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Canada Mandates Alerting Over LTE Networks

OTTAWA and GATINEAU, QUEBEC, CANADA—The Canadian Radio-television and Telecommunications Commission today directed all wireless service providers to implement a wireless public alerting system on their LTE networks by April, 2018.

This system will allow emergency management officials, such as fire marshals and police agencies, to warn Canadians on their mobile devices of dangers to life and property. The alerts will be sent to mobile devices connected to LTE networks, which are available to over 97 percent of Canadians, the CRTC said. Service providers have also been tasked by the CRTC to work with their federal, provincial and territorial counterparts to develop an awareness campaign and test schedule.

In Canada, as in the United States, emergency alert messages are issued by federal, provincial and territorial governments and emergency management officials to warn the public of imminent threats, such as fires, tornadoes, floods, water contamination and Amber Alerts. The CRTC has been working with wireless providers since 2014 on the development and implementation of emergency alerting technical requirements. A standard was approved in August of 2015. Pilot projects based on the standard were conducted last year. A progress report is due to the CRTC in July, with a final report coming in Oct. 3, 2017, “detailing a proposed awareness campaign and test schedule.”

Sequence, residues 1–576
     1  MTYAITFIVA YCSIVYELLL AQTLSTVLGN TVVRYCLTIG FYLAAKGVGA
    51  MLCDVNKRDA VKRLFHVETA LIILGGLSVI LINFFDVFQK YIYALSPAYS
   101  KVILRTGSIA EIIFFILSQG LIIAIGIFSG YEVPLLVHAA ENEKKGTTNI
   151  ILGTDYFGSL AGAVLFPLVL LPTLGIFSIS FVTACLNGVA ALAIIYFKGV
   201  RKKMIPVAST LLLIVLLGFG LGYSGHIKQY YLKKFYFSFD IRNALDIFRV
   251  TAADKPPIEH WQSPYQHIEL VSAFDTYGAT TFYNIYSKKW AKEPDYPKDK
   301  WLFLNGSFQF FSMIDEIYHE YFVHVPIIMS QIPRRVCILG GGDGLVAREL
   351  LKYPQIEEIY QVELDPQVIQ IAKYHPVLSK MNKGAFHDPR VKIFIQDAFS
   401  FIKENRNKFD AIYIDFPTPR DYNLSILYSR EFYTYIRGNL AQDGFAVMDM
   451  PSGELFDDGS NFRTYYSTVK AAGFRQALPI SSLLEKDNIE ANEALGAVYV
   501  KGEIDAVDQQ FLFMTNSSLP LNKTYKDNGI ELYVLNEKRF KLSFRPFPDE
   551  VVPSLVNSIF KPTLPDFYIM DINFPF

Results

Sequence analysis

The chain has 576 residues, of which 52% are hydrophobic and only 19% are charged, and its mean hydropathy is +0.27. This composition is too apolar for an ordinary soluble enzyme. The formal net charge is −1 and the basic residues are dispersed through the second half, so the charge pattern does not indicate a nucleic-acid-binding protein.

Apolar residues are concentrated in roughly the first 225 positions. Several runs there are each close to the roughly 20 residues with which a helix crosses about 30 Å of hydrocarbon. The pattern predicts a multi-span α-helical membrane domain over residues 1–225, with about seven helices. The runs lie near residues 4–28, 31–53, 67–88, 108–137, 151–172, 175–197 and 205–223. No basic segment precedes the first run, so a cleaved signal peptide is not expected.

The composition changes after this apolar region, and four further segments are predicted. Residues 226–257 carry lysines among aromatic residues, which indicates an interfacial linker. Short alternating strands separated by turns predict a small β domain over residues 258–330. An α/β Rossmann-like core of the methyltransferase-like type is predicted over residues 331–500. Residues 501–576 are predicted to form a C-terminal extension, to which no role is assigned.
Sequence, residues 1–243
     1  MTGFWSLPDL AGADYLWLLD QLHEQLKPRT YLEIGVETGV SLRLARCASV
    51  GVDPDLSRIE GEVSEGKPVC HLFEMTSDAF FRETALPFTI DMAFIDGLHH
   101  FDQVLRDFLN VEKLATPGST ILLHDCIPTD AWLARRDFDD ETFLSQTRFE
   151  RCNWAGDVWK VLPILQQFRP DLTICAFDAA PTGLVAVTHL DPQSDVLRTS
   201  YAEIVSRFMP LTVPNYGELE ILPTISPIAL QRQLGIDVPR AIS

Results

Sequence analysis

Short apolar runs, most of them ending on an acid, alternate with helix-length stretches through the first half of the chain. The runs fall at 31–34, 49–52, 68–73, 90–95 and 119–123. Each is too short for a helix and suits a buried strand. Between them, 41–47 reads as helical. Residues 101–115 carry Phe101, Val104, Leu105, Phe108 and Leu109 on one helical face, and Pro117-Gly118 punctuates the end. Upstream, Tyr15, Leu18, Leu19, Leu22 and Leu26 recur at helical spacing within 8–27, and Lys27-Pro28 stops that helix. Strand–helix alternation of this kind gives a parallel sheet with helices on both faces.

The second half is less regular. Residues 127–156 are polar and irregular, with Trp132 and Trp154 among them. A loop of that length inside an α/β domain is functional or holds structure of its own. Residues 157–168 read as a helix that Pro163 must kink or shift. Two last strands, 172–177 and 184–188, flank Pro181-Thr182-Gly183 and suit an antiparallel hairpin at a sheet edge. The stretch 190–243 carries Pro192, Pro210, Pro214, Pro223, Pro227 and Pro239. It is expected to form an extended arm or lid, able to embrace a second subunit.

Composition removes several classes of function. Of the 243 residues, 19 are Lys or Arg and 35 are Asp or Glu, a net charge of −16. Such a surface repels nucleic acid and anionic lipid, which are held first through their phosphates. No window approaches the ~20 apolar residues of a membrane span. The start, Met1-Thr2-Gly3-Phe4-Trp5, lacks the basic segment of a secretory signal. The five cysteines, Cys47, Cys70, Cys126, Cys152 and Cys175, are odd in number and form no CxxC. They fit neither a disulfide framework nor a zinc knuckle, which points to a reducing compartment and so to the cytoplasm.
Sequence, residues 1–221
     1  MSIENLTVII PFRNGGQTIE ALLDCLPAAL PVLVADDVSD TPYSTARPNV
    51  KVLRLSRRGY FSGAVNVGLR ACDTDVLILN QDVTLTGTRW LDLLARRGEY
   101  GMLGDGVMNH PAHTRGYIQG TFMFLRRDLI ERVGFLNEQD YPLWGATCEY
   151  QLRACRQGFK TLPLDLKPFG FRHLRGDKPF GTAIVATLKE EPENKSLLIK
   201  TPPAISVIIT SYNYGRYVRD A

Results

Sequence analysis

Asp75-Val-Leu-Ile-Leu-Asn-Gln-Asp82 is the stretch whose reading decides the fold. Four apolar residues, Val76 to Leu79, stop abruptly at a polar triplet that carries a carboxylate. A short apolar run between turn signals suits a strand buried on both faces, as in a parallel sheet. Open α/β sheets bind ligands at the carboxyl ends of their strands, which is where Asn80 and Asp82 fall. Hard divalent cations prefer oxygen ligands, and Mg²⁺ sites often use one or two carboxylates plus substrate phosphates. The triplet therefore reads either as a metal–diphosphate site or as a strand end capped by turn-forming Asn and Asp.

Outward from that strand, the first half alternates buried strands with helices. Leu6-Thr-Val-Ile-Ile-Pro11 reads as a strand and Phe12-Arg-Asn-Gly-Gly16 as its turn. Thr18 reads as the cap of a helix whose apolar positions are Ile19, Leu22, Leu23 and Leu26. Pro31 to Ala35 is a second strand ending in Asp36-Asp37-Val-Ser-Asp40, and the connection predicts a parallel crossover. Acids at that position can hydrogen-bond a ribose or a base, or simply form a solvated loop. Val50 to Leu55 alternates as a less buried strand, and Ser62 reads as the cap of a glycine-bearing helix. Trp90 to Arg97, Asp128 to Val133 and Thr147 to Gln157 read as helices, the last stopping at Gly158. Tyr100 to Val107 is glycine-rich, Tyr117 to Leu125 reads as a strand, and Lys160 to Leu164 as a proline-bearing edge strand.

The exact launch date for the distribution of alerts will be announced once the wireless industry has met the applicable standards and all required functionalities are in place. Once alerts are distributed to mobile devices, Canadians will hear the same alert tone as they currently do while listening to the radio or watching television. Alerts on mobile devices will also trigger a unique vibration cadence when an alert is issued, and will contain a bilingual banner.

The wireless public alerting standard adopted by Canada has been adopted by governments across the world for emergency alerts services, including the European Union, the United States, Israel, Chile and Japan.

Canadian broadcasters and television service providers have distributed emergency alerts since 2014. As a result, the vast majority of Canadians currently receive emergency alerts through radio and television. The CRTC created an interactive map identifying which Canadian radio and television stations distribute alert messages; a list of cable and satellite companies that distribute these messages is also included.

Public Safety Canada is the lead department responsible for emergency management and coordinates the development of policies for public alerting with federal, provincial and territorial stakeholders.